The Government has recently announced two key changes that will affect your position as a
buy-to-let landlord. Further information from the Government is expected, but here are the
high-level details as MPC understand them, and how the changes might affect you.
Change 1: Tax relief on interest payments
Current tax rules state that the amount of interest you pay on your mortgage is an acceptable
deductible expense, whether you have used an interest-only mortgage, or a repayment mortgage. So if
you are a higher rate tax-payer, you benefit from 40% tax relief on the mortgage interest you’re
paying. Under the new rules, this tax relief will be capped at the basic-rate of tax, which is 20%.
This change is due to be phased in from 2017.
Change 2: Tax relief on ‘wear and tear’
You are also currently entitled to deduct 10% of your rental income as an expense for ‘wear and
tear’ if your rental property is furnished. From April 2016, the Government will replace this with
a scheme that means landlords can only deduct expenses they actually incur in relation to the
property. So for example, if you have had to buy a replacement washing machine, this will be an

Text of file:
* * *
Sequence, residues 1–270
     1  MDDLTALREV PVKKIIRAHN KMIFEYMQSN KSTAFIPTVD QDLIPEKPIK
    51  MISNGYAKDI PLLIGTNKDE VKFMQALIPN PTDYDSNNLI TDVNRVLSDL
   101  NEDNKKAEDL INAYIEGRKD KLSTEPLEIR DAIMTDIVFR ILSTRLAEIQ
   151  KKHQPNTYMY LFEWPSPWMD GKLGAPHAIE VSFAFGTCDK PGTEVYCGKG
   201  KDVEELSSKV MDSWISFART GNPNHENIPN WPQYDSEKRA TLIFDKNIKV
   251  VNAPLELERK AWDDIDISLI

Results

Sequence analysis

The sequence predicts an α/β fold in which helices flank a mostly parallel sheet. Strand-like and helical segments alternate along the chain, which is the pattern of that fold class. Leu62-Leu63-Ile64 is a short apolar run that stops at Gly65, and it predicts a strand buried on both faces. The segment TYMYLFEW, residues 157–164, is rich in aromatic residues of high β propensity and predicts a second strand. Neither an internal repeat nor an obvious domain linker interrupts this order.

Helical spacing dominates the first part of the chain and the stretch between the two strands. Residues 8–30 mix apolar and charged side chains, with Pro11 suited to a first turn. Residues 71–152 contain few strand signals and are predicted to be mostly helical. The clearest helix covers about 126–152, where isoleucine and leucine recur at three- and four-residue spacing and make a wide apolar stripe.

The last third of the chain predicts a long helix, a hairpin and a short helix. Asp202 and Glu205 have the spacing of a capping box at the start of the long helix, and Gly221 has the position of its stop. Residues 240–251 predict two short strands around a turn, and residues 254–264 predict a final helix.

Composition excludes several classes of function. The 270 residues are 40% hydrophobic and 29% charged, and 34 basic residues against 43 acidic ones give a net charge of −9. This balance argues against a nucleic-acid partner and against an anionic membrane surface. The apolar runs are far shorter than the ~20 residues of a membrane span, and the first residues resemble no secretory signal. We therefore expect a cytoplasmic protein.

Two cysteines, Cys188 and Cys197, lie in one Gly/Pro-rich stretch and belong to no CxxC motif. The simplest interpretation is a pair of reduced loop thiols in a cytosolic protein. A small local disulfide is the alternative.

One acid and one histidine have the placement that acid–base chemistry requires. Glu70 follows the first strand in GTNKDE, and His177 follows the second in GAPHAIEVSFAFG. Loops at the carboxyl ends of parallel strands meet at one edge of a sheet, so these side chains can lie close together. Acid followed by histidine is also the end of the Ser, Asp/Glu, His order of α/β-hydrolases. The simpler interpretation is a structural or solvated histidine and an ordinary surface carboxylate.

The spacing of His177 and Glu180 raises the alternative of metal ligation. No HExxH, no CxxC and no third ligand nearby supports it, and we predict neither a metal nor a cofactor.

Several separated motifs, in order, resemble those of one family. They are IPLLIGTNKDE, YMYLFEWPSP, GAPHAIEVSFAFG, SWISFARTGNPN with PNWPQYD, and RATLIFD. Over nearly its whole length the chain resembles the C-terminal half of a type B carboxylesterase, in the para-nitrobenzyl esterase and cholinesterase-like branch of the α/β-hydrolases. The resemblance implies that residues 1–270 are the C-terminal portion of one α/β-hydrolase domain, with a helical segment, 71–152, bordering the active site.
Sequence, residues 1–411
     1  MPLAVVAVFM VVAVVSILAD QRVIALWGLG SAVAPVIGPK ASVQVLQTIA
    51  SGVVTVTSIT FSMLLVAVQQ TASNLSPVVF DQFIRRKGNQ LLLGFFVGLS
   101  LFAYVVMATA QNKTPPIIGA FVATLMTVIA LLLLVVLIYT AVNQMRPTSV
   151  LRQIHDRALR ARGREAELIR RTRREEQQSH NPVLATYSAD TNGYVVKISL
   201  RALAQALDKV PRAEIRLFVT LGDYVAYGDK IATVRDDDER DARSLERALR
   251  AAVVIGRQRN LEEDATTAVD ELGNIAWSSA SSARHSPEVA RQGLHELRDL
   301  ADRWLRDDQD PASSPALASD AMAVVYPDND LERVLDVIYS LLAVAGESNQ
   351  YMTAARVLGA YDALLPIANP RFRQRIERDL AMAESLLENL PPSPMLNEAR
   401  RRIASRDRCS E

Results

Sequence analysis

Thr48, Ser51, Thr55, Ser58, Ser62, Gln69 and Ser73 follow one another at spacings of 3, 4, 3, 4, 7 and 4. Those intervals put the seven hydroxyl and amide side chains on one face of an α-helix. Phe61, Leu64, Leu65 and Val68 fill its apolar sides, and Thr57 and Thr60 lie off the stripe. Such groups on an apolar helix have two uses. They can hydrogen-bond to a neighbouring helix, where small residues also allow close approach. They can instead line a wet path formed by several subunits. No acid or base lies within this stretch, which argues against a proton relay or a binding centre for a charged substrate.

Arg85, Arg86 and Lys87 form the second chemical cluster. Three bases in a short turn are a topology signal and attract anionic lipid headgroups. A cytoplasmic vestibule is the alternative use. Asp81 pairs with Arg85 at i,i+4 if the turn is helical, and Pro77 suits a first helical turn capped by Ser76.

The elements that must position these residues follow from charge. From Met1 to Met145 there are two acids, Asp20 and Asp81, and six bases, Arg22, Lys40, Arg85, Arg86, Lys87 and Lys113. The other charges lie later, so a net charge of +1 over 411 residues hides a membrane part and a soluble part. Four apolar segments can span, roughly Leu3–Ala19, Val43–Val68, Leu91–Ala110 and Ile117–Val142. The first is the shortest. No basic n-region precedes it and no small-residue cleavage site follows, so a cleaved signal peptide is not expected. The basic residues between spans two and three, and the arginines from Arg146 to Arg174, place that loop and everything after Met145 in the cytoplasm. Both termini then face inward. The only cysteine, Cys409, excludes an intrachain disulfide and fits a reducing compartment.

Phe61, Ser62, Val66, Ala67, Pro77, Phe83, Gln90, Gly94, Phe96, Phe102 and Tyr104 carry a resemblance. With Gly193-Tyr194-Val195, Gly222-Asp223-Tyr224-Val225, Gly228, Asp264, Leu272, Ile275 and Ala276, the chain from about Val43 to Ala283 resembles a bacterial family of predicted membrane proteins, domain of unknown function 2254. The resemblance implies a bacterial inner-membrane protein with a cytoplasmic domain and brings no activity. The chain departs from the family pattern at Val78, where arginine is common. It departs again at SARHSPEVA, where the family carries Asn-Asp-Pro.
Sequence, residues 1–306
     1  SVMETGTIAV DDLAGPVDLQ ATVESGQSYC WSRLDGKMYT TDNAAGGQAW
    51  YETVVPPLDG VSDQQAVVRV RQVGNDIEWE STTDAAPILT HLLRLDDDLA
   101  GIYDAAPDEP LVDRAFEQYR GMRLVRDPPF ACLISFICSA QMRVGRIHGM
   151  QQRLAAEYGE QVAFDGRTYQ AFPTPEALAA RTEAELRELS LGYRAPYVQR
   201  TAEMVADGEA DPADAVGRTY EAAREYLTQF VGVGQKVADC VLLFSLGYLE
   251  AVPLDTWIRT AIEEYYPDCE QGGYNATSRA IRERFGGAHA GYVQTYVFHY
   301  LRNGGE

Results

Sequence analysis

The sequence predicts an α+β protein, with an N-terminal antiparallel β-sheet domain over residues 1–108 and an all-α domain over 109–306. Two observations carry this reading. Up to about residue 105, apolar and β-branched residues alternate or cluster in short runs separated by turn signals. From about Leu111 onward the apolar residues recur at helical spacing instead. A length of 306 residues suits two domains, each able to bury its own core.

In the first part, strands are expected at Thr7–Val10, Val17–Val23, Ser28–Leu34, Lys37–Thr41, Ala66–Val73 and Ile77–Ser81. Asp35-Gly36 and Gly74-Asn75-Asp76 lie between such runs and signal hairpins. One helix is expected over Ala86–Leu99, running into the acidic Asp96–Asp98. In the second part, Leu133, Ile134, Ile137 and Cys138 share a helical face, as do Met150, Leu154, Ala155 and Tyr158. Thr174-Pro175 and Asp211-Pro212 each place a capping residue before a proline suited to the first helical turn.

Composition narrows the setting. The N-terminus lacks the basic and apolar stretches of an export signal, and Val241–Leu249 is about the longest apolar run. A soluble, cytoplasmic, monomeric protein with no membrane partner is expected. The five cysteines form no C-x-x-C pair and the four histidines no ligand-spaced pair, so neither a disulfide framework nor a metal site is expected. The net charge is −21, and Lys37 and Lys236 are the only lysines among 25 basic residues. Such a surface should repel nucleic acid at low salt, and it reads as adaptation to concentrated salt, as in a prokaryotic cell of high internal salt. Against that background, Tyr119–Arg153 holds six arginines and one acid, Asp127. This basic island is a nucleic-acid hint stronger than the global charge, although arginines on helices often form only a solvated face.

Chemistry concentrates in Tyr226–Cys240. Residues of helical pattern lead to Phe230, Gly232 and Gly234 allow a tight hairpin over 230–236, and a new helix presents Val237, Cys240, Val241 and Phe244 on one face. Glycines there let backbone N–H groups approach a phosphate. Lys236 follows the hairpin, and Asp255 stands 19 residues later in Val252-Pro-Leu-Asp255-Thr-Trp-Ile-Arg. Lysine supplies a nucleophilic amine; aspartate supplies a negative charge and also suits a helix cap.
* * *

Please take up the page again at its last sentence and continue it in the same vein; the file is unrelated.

acceptable deductible expense.
What is the impact of these changes?
Here is a simple example of how the changes might affect you, given some of the following
- Your buy-to-let property was purchased for £400,000
- You have a 25-year interest-only mortgage of 300,000 at a rate of 2.79%
- You are a higher-rate tax payer
- You spend an average of £1,000 per year on improvements
- As the table below shows, these proposed changes will mean an annual loss of £1,946 in tax relief
Are there ways around it?
The Government has yet to publish any detail around these changes, and they are likely to be phased
in. However, it may be worth you considering the following as ways to mitigate the impact on your
- Put your property(ies) in a limited company. However, there is a
different tax regime, and there would be a cost of transferring your existing properties. Finance
products also differ and are more difficult to come by (although there may be innovation in the
mortgage market to cater for this event).
- Put rent up to cover extra tax. It is highly likely that rental
income will increase annually for the foreseeable future anyway. However, you should be mindful of
the tax changes when negotiating rental increases with tenants.
- Revert to shorter fixed-rate mortgage periods with lower interest
payments ie 2 year fixed rate, rather than 5 years.
If you would like discuss any of this in more detail, please do not hesitate to contact me.